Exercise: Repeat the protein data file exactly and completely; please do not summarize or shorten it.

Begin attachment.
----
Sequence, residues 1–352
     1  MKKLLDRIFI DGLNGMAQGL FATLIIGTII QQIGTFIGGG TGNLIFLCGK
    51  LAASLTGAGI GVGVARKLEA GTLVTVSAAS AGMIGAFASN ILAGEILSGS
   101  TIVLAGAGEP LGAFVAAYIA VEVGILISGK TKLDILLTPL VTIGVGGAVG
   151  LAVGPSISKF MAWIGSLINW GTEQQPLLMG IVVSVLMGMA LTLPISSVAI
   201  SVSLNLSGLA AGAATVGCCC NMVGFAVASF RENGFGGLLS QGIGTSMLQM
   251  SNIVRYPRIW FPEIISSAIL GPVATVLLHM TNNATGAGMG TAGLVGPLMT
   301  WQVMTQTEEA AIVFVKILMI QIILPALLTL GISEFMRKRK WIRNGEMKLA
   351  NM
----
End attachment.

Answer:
Sequence, residues 1–352
     1  MKKLLDRIFI DGLNGMAQGL FATLIIGTII QQIGTFIGGG TGNLIFLCGK
    51  LAASLTGAGI GVGVARKLEA GTLVTVSAAS AGMIGAFASN ILAGEILSGS
   101  TIVLAGAGEP LGAFVAAYIA VEVGILISGK TKLDILLTPL VTIGVGGAVG
   151  LAVGPSISKF MAWIGSLINW GTEQQPLLMG IVVSVLMGMA LTLPISSVAI
   201  SVSLNLSGLA AGAATVGCCC NMVGFAVASF RENGFGGLLS QGIGTSMLQM
   251  SNIVRYPRIW FPEIISSAIL GPVATVLLHM TNNATGAGMG TAGLVGPLMT
   301  WQVMTQTEEA AIVFVKILMI QIILPALLTL GISEFMRKRK WIRNGEMKLA
   351  NM